Intelligence brief: Blowout prevention rules under fire; GoM output at five-year high

Upstream oil and gas news you need to know.

Satellite image shows the effects of the Deepwater Horizon oil spill on the waters off Louisiana, five weeks after the accident (Image credit: NASA)

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Proposed blowout prevention rules come under fire in Senate

Industry representatives slammed the US government’s proposed Well Control Rule in a Senate hearing, arguing that its “strict” requirements could increase the risk of accidents.

The proposal, drafted by the Bureau of Safety and Environmental Enforcement (BSEE) in response to the 2010 Deepwater Horizon tragedy at BP’s Macondo site in the Gulf of Mexico (GoM), sets out new rules on the maintenance and repair of blowout preventers. It also includes reforms in well design, well control, casing, cementing, real-time well monitoring, and subsea containment.

Erik Milito, representing the American Petroleum Institute, the US oil and gas industry’s largest trade association, said the proposal contained strict requirements on the “drilling margin” used for all wells regardless of any specific well characteristics.

“The drilling margin is the difference between the weight of drilling mud present in the well to keep fluids and hydrocarbons from flowing into the well and reaching the surface, and the weight that would cause the rock formations being drilled through to break down,” he said.

“This strict, prescriptive requirement denies the driller the ability to make risk-based decisions, in consultation with BSEE, and may create wellbore stability problems that add unnecessary risk to personnel, the environment and facilities.”

Mark Rockel, a principal consultant at environmental and safety advisory Ramboll Environ, said performance-based rules would stand a better chance of preventing well blowouts.

“Performance-based regulation tends not to constrain markets or technological innovation, but rather provides incentives for market mechanisms to spur technological advances, bringing about operational and environmental improvements efficiently as companies strive to compete,” he said.

There have been 23 well blowouts in the Gulf of Mexico in the past five years, according to the BSEE.

Brian Salerno, director of the BSEE, acknowledged that safety and technological advancements had been made in the past few years, but said specific issues needed to be addressed in order to reduce the number of incidents involving loss of well control.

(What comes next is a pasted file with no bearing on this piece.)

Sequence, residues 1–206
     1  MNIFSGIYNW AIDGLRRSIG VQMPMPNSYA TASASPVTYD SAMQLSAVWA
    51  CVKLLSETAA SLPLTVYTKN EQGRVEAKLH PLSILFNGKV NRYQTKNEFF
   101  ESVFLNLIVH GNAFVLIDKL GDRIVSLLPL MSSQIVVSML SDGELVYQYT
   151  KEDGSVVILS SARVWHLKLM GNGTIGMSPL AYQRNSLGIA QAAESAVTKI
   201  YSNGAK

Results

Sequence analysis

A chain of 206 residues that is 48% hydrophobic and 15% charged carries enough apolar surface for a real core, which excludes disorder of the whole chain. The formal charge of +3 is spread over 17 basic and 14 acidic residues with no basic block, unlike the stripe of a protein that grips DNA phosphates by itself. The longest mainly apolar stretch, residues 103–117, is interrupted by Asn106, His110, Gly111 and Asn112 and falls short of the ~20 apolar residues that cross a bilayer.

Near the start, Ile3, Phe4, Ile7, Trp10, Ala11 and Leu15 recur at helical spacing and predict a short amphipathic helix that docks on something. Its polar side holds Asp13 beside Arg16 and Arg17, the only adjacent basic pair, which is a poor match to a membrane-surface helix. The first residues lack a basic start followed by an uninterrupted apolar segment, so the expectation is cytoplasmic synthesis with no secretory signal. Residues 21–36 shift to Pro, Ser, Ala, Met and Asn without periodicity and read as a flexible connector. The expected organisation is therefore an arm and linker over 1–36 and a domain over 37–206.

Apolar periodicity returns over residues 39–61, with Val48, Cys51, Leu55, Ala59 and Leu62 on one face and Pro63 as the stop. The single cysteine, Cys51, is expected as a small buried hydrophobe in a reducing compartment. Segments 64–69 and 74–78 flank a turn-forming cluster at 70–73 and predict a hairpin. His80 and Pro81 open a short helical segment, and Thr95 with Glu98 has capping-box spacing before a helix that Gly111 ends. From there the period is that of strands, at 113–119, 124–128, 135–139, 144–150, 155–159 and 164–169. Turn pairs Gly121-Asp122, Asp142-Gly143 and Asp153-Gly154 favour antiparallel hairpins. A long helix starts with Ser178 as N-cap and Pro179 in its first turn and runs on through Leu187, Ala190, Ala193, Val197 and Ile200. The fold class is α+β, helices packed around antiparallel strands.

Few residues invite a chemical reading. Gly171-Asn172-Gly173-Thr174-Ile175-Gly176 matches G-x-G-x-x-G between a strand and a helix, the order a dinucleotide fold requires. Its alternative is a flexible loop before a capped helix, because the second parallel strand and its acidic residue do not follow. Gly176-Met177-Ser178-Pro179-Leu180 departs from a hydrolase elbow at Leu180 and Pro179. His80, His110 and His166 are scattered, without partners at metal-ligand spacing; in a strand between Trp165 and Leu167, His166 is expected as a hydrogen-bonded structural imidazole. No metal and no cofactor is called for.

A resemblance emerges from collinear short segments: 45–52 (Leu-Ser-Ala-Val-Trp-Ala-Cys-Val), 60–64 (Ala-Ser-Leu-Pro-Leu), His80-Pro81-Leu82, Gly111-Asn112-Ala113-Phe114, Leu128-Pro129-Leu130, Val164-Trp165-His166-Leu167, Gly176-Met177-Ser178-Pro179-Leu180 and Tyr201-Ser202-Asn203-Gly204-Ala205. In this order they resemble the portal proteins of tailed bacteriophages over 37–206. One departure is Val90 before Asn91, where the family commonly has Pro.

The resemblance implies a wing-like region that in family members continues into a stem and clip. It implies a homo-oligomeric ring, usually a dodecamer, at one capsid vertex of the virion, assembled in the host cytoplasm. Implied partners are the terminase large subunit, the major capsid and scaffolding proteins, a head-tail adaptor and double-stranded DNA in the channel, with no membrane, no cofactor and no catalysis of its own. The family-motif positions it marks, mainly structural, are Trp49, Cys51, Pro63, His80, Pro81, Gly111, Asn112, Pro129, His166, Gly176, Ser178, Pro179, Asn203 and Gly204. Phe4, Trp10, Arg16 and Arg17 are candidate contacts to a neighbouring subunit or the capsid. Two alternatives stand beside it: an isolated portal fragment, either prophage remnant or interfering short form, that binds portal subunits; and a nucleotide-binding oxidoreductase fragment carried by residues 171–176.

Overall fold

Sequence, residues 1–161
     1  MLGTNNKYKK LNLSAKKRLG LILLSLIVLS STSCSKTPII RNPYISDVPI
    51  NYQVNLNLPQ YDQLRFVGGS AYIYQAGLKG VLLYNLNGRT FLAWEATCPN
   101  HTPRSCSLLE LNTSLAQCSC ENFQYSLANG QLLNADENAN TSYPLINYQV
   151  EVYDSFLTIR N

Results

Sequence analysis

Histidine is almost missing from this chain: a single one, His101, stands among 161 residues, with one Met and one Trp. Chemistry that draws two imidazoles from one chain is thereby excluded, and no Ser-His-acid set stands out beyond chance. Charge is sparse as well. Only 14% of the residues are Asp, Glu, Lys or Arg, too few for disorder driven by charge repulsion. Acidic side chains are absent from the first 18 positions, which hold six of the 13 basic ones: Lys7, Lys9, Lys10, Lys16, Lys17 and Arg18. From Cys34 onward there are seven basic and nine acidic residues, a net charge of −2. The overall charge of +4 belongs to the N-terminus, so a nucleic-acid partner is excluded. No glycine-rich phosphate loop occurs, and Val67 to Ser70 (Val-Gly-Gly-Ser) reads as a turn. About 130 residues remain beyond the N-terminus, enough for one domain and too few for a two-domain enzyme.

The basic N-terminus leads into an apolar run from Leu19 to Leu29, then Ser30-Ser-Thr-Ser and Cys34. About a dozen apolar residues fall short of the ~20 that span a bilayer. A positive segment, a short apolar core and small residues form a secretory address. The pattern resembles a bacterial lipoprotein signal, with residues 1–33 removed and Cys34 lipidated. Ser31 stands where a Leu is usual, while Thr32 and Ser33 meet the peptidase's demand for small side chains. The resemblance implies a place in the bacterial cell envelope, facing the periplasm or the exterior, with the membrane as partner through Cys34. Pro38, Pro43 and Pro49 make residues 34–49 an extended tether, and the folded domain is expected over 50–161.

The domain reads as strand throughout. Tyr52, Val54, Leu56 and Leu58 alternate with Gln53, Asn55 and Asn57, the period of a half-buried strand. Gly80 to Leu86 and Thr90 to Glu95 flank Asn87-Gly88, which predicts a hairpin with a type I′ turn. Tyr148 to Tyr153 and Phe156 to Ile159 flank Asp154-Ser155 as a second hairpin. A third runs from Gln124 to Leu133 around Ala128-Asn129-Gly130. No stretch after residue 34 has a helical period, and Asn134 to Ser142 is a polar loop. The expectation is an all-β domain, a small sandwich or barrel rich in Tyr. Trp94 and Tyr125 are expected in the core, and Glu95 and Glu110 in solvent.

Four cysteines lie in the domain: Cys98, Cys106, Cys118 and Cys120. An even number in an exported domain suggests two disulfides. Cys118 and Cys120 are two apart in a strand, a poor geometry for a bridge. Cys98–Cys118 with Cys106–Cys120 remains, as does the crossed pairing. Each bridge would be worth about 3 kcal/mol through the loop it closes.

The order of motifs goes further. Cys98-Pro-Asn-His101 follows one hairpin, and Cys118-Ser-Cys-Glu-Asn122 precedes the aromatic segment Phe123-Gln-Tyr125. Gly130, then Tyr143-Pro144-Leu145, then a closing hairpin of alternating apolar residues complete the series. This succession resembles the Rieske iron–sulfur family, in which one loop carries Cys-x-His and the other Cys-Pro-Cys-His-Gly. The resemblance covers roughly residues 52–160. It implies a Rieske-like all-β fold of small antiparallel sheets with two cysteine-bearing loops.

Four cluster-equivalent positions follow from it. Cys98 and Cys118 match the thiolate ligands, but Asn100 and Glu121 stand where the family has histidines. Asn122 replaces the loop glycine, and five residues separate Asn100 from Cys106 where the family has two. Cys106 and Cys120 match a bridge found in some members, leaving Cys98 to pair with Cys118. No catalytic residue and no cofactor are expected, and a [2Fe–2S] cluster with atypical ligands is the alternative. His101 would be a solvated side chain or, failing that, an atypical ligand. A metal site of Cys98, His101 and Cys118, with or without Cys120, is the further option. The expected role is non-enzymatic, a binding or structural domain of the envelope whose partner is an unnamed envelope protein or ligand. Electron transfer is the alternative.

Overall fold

The above table shows incidents from offshore fields reported to the BSEE, last updated on August 3, 2015 (Image credit: BSEE)

GoM oil output hits five-year high

Production of crude oil in the Gulf of Mexico (GoM) hit 1.69 million barrels per day (MMbbl/d) in September 2015, 19% higher than September last year, and the highest monthly figure since December 2009, according to the US Energy Information Administration (EIA).

Total US oil output was 9.32 MMbbl/d in September, a 4.2% rise from 12 months earlier.

Meanwhile, the EIA has expanded its monthly reporting with new data on API gravity, a measure of how heavy or light a petroleum liquid is compared to water, with higher numbers denoting lighter liquids.

In the first nine months of 2015, 31.4% of barrels produced in the GoM had an API gravity of less than 30, 65.6% weighed in at 30.1-40, 2.7% at 40.1-50, and 0.4% at 50-plus. This compared to a figure in the lower 48 states (including GoM), of 14.9% at less than 30, 34.0% at 30.1-40, 38.9% at 40.1-50, and 12.2% at 50-plus.

Lasers play role of scarecrow on offshore platforms

Guano – or bird poop, to use the vernacular – can cause costly damage to helidecks on offshore rigs, but now a Dutch company claims to have developed a solution that ensures the safety of helicopters and birds alike.

The Aerolaser Helipad is an automated device that combines laser and sound to scare birds into keeping distance from helidecks, according to designer Bird Control Group. It can be configured to the specific conditions of an installation and has “minimal impact” on the environment.

Cleaning a helideck of guano can cost up to €100,000 ($90,000) per platform, according to Bird Control Group. Normally unmanned installations tend to be most affected by guano accumulation, with the UK’s Health and Safety Executive having recorded instances where more than 90% of a helideck has been covered.

Bird Control CEO Steinar Henskes said his company teamed up with CHC Helicopter and Total E&P Nederland, a subsidiary of energy giant Total, to prove the technology. Total is now working with Bird Control to install the system at three other locations.

“By implementing this bird-repelling system, Total is the first oil company in the world to integrate its offshore activities with nature in such a sustainable way,” Henskes said.

The World Wildlife Fund has recognized the technology as animal-friendly, he added.